May 14, 2014
The Net neutrality saga continues as more groups and people weigh-in on just what the Federal Communications Commission’s new rules should include to make the Internet the best it can be.
The latest group to offer its two cents on the matter is the CEOs of 28 U.S. broadband providers.
The FCC’s decision to seek public comment on if Internet providers should be treated as utilities is not sitting well with the companies in question and the bosses of the firms, such as AT&T, Comcast, Verizon and Time Warner Cable, have penned a letter to the government agency warning against such a move.
The letter said the reclassification would jeopardize new investment in broadband infrastructure and hinder the growth of broadband technology across the country which, in turn, would hamper Internet speeds and deepen “the digital divide.”
Reclassification would result in decades of endless litigation and debate, the letter said, adding that “an economy deprived of the stable regulatory framework needed to promote future investment, innovation and consumer choice would follow.”
“Not only is it questionable that the Commission could defensibly reclassify broadband service under Title II, but also such an action would greatly distort the future development of, and investment in, tomorrow’s broadband networks and services,” the letter stated. “America’s economic future, as envisioned by President Obama and congressional leaders on both sides of the aisle, critically depends on continued investment and innovation in our broadband infrastructure and app economy to drive improvements in health care, education and energy.”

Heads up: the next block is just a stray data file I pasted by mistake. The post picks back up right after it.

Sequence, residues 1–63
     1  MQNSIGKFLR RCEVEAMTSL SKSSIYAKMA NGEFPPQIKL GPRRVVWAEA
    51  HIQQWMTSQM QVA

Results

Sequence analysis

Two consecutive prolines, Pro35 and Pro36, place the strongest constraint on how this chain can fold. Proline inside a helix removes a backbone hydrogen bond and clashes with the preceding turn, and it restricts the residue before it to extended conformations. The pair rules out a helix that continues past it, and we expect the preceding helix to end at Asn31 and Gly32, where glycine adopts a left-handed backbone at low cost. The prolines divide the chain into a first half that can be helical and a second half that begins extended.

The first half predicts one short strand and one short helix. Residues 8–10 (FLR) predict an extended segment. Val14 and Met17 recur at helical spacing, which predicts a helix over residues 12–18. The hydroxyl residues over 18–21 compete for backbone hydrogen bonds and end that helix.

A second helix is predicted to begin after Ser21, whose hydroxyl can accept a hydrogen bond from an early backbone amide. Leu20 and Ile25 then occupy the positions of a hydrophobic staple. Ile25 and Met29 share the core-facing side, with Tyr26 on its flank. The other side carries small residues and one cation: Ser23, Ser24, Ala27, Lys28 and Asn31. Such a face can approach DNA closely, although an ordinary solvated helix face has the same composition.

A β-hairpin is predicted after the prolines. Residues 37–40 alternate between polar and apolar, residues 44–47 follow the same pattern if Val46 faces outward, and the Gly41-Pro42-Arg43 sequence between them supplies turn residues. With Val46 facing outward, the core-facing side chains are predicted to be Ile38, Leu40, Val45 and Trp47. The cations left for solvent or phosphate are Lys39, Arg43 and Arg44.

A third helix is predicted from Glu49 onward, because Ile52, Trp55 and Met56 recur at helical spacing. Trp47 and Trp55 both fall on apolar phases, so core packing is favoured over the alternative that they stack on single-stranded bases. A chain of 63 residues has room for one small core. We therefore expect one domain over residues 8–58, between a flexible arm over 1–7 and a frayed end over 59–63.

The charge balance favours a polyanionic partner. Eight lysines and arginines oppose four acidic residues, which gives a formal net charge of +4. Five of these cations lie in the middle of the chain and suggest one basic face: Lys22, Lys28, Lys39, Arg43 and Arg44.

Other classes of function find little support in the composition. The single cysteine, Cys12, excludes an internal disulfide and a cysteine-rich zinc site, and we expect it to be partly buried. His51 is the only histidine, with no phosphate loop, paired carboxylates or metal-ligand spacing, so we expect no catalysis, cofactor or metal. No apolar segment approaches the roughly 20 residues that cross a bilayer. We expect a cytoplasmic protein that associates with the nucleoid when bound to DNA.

The group suggests seeking out “a path forward together” with all stakeholders working together to put an end “to a decade of legal and political wrangling.”
“All parts of the Internet community should be focused on working together to develop next-generation networks, applications, and services that will be critical to our global competitiveness and enhance opportunities for all Americans.”
The letter penned by the CEO comes a day after it was announced FCC chairman Tom Wheeler was revising the agency’s new Net neutrality rules after receiving 35,000 comments from the public — the majority of which condemned the proposed changes.
An FCC official has said Wheeler will announce safeguards so broadband providers will not be able to implement a “fast lane” for streaming video providers willing to shell out extra cash. The revision to the FCC’s originally proposed plan is expected to include language that enables the FCC to ensure the traffic of non-paying customers is not affected. The agency is also seeking comment on if such “paid prioritization” should be forbidden.
The commission will hold a preliminary vote on the revised rules Thursday before they are submitted for public feedback.
The FCC’s goal is to have the rules in place by the end of the year.
Jennifer Cowan is the Managing Editor for SiteProNews.